This May marked the 72nd Mental Health Awareness Month. Founded in 1949 by the organization presently known as Mental Health America, its purpose is to educate the public about mental illness and raise awareness of the afflictions associated with it. This Mental Health Awareness Month felt particularly poignant in the wake of COVID-19. As the world shut down and individuals were forced to self-isolate and cope with the stress and fears associated with a global pandemic, countless people began to experience a change in their mental health, and the pandemic’s toll on mental health was likely most severe for healthcare workers and first responders.
Even before the pandemic, the healthcare sector had long been plagued by mental illness at disproportionate rates. US physicians have some of the highest suicide rates of any profession, equating to roughly 1 suicide per day (Bailey, 2020). In a 2019 study conducted prior to the spread of COVID-19 in the US, 42% of physicians reported they felt “burn-out” (Becker), and a separate study conducted the same year revealed 20% of medical residents met the criteria for depression (Kalmoe et al., 2019).
The pandemic has only exacerbated the mental health crisis among healthcare workers as their workloads multiplied, their hours increased, they risked exposure to COVID-19, and they witnessed higher patient casualty rates. These stressors negatively impacted the physical and mental wellness of healthcare providers and have led to an increase in anxiety (22.1%), depression (21.7%), and Post Traumatic Stress Disorder (PTSD) (21.5%) (Li et al., 2021).
When care providers suffer from a mental illness, it not only affects them, but it can also negatively impact on how they treat patients, the quality of their work, and of course, their private lives. It is important to learn the symptoms of stress to not only protect oneself but to stay in-tuned with others to help identify who may be in crisis and needs help. The Centers for Disease Control lists the following symptoms of stress to look out for:
· Feeling irritation, anger, or denial · Feeling uncertain, nervous, or anxious · Feeling helpless or powerless · Lacking motivation · Feeling tired, overwhelmed, or burned out · Feeling sad or depressed · Having trouble sleeping · Having trouble concentrating
These symptoms can be attributed to a variety of stress disorders, including, but not limited to, PTSD, compassion fatigue, and burnout. To help cope with the added stress brought on by the pandemic, the CDC recommends keeping an open line of communication with others, accepting what is outside of the individual’s control, and recognizing their role as important and doing the best they can with the resources available to them. For a guide on how to take care of your mental wellness through the pandemic and for additional resources, please see our previous blog, Managing Your Mental Health During the COVID-19 Outbreak.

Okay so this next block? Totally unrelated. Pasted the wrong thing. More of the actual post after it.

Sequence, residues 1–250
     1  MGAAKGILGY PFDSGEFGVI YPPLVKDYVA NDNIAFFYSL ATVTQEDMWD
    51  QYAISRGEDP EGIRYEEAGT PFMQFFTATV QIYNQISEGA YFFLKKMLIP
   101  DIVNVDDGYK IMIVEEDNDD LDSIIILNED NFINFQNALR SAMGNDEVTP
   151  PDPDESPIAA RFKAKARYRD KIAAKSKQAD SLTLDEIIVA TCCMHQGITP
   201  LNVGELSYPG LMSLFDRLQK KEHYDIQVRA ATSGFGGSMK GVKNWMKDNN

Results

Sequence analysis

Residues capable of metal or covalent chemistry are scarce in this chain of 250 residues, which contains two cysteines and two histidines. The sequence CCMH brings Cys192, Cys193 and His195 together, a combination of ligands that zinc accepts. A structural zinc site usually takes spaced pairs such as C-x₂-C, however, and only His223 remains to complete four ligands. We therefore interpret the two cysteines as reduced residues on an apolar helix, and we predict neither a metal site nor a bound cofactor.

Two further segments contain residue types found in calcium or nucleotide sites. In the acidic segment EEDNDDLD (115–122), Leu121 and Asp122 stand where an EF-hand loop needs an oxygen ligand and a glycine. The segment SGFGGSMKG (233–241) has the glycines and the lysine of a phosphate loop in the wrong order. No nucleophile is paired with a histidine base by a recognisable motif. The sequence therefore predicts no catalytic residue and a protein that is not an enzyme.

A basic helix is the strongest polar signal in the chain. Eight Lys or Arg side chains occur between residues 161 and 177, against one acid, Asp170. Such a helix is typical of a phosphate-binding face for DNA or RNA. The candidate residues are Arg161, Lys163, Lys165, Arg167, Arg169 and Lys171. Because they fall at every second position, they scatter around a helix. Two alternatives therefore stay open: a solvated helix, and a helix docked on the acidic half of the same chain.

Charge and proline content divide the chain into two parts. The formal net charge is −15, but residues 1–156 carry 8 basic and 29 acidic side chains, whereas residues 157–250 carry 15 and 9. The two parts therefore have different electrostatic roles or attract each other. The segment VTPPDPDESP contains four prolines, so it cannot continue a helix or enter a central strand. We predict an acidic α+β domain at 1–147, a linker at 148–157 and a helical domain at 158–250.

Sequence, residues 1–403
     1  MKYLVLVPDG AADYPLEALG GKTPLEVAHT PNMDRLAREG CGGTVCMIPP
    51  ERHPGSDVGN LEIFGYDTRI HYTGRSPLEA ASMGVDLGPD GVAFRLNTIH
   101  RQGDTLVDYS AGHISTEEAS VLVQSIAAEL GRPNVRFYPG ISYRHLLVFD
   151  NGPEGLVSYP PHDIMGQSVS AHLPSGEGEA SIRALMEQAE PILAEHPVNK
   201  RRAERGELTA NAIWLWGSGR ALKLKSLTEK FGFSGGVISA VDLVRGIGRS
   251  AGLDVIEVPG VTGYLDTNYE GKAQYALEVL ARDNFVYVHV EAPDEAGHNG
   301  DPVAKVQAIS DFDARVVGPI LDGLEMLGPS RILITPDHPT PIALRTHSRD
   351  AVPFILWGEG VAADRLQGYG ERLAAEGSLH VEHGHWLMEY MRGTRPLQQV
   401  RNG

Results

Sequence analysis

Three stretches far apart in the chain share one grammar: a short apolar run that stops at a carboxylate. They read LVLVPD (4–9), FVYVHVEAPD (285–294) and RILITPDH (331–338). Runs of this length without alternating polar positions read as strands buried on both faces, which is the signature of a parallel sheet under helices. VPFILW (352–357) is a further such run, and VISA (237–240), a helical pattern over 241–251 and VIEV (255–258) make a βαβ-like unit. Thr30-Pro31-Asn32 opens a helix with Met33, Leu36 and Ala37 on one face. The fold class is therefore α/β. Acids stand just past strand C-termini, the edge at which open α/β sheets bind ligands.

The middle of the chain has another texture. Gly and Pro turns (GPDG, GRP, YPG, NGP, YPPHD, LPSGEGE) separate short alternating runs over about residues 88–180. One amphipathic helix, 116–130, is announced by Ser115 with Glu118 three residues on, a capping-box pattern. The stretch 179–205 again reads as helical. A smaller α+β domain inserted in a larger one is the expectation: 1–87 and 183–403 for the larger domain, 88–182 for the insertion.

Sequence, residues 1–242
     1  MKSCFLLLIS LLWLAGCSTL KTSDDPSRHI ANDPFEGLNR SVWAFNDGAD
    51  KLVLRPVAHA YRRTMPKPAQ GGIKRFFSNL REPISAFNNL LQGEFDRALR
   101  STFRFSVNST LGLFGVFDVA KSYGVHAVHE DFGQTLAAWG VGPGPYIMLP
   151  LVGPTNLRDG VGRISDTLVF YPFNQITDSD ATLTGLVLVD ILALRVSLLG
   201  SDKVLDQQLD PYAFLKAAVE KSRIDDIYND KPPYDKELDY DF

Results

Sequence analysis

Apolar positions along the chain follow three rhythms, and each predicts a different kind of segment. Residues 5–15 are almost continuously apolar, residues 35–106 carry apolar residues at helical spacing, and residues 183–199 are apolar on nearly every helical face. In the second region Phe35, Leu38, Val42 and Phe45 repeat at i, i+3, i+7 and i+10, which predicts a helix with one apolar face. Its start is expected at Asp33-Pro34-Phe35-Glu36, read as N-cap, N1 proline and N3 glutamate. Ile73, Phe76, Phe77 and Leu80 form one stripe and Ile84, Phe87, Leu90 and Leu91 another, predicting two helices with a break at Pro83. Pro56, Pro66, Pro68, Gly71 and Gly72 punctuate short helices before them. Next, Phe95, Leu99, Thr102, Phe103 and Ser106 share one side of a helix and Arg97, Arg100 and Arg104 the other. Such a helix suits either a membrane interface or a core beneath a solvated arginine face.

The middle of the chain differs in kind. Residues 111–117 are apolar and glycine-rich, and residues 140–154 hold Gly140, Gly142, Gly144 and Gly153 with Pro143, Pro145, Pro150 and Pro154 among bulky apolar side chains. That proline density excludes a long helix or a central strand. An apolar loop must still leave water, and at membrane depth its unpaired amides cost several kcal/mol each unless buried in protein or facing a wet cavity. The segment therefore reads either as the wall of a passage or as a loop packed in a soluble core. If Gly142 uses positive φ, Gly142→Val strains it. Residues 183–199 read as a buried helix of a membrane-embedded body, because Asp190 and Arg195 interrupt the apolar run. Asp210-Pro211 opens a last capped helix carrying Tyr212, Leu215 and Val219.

If you struggle in the wake of COVID-19, it is important to know, you are not alone. There are a variety of resources, including professional counseling and support groups, available to you, and now is the perfect time to take control of your mental wellness journey. Below is a list of peer support resources for the healthcare professionals wishing to connect with others with common understanding:
PeerRXMed Physician Support Line Nurse Groups Disaster Response Assets Network
If you grapple with your mental health and are seeking professional resources, you can visit the Mental Health America website, Mental Health and COVID-19 Information and Resources to receive a personal screening and obtain resources and support unique to your needs.
Bailey, Susan. (September 16, 2020). Now’s the time to have a difficult talk about physician suicide. Article [Website]. Retrieved from: Now’s the time to have a difficult talk about physician suicide | American Medical Association (ama-assn.org)
Centers for Disease Control and Prevention. (Updated December 16, 2020). Healthcare Personnel and First Responders: How to Cope with Stress and Build Resilience During the COVID-19 Pandemic. Resources [Website]. Retrieved from: Healthcare Personnel and First Responders: How to Cope with Stress and Build Resilience During the COVID-19 Pandemic | CDC
Gooch, Kelly. (March 11, 2021). More than 20% of healthcare workers experience mental health challenges during pandemic, global study shows. Article [Website]. Retrieved from: More than 20% of healthcare workers experienced mental health challenges during the pandemic, global study shows (beckershospitalreview.com)
Kalmoe, M. C., Chapman, M. B., Gold, J. A., Giedinghagen, A. M. (May 2019). Physician Suicide: A Call to Action. Research Article [Website]. Retrieved from: Physician Suicide: A Call to Action (nih.gov)
Li, Y., Scherer, N., Felix, L., Kuper, H. (March 10, 2021). Prevalence of depression, anxiety, and post-traumatic stress disorder in health care workers during the COVID-19 pandemic: A systematic review and meta-analysis. Research Article [Website]. Retrieved from: Prevalence of depression, anxiety and post-traumatic stress disorder in health care workers during the COVID-19 pandemic: A systematic review and meta-analysis (plos.org)